Fourth, a single tax rate eliminates arbitrary legal distinction between Subchapter C corporations and other businesses, such as partnerships and proprietorships. This does away with tax avoidance strategies that involve setting up legal entities to create tax losses (shelters), or to take deductions not allowed on individual forms, or to defer taxes on savings. A single tax on all individuals and businesses ends such loopholes, raising greater revenues and thus allowing a lower tax rate.

Fifth, a single tax rate eliminates possibilities of “tax arbitrage” designed to shift the tax base from taxpayers in high tax brackets to those in low tax brackets. In a system with high and low tax rates, tax arbitrage can involve people and firms in higher tax brackets borrowing from those in lower tax brackets, while the latter deposit the interest they receive in low-yield money market funds and end up paying low tax rates on low interest.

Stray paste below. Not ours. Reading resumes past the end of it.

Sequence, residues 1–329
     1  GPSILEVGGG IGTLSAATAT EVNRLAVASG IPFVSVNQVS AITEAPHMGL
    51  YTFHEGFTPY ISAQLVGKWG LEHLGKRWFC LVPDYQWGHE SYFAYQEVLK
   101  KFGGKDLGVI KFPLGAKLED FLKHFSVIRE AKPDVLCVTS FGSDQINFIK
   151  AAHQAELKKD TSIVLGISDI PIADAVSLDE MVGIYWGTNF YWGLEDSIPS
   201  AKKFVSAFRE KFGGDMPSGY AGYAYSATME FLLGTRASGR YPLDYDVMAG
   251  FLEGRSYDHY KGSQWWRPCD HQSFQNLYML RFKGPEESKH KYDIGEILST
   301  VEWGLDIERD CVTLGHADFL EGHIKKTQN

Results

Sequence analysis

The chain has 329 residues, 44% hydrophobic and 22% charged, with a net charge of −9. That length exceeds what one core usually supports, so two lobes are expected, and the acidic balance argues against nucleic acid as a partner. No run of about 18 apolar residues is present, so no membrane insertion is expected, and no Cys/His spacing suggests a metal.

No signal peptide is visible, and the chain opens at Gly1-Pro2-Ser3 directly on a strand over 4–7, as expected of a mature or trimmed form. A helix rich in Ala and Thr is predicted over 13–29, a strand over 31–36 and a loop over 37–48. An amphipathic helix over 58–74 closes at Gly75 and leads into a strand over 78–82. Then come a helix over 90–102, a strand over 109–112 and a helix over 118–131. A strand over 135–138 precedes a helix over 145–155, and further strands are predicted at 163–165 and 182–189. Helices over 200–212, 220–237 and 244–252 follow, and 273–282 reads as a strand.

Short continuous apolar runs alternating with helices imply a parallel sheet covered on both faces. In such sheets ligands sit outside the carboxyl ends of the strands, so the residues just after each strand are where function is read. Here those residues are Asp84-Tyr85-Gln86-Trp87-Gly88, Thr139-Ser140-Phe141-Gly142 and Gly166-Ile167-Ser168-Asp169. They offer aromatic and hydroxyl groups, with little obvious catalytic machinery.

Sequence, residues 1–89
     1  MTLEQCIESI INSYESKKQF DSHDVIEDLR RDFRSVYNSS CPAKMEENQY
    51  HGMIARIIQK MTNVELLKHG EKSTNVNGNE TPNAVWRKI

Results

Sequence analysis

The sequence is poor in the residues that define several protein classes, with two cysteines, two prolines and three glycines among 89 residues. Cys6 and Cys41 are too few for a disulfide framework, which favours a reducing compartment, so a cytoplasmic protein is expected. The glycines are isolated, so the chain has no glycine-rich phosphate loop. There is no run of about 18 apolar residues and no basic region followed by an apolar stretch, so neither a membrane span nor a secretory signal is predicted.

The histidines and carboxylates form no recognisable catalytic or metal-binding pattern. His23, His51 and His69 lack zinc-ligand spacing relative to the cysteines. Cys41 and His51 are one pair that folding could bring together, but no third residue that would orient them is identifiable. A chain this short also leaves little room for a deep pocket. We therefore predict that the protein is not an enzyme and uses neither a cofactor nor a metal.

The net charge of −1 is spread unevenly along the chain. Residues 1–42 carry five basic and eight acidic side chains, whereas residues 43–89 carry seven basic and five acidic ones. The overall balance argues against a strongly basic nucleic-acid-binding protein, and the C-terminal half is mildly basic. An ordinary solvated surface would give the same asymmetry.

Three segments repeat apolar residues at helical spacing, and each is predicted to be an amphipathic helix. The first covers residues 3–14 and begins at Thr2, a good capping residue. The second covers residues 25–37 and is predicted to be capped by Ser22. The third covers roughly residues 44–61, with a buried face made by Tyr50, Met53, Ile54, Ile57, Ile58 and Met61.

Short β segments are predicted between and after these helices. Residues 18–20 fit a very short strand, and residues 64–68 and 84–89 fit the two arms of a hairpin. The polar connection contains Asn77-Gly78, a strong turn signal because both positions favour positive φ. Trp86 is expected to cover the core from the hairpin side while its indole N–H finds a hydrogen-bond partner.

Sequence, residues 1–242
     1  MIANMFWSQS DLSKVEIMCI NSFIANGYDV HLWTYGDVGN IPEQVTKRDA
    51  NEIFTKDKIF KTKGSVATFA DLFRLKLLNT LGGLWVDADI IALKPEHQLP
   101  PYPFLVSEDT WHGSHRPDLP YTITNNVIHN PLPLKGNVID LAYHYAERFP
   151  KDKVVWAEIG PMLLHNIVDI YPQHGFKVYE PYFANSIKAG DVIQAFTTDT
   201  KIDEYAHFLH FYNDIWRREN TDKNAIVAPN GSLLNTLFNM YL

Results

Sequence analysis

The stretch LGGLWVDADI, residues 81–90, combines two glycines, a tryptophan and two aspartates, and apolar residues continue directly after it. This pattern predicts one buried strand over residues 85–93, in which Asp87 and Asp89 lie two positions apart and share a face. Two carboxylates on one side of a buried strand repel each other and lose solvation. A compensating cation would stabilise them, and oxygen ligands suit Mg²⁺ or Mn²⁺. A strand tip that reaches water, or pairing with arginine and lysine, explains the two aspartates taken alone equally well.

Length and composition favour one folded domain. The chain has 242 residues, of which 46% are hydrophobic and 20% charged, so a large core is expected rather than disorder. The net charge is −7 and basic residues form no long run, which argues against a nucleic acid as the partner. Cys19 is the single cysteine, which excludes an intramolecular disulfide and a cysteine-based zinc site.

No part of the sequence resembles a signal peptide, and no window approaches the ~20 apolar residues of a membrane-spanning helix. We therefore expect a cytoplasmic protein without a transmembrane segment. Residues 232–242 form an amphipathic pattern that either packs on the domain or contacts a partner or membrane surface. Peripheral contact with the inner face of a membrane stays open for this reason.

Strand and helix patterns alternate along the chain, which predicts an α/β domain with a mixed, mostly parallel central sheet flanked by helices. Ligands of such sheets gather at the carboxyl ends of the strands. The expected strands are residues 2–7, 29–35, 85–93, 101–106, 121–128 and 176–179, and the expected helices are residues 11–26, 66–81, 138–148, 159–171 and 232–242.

Tax deductions for mortgage, business and investment interest thus lose more revenue from taxpayers in higher tax brackets than the government can possibly collect from the other side of the transaction — interest income received by those in lower tax brackets. Arbitrage strategies also involve shifting income and assets toward family members in lower tax brackets, particularly in small businesses.

Sixth, a single tax rate eliminates timing distortions. Many professionals, salesmen, brokers, farmers and small businesses owners have highly volatile incomes from one year to the next. Graduated tax rates distort the efficient timing of economic activity by inducing people to bunch their deductions into years when tax rates are high, and realize income or capital gains in years when taxable income is low.

Retirement savings plans also aim to defer income at middle age, when earnings usually peak, and then pay the tax after retirement, when income falls into a lower tax bracket.